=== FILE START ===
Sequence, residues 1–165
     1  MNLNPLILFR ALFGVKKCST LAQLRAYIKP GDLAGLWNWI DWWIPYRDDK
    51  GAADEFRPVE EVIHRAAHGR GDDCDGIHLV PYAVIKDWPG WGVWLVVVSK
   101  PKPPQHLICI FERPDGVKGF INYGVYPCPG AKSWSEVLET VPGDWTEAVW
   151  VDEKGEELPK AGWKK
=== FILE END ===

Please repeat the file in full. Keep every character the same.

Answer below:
Sequence, residues 1–165
     1  MNLNPLILFR ALFGVKKCST LAQLRAYIKP GDLAGLWNWI DWWIPYRDDK
    51  GAADEFRPVE EVIHRAAHGR GDDCDGIHLV PYAVIKDWPG WGVWLVVVSK
   101  PKPPQHLICI FERPDGVKGF INYGVYPCPG AKSWSEVLET VPGDWTEAVW
   151  VDEKGEELPK AGWKK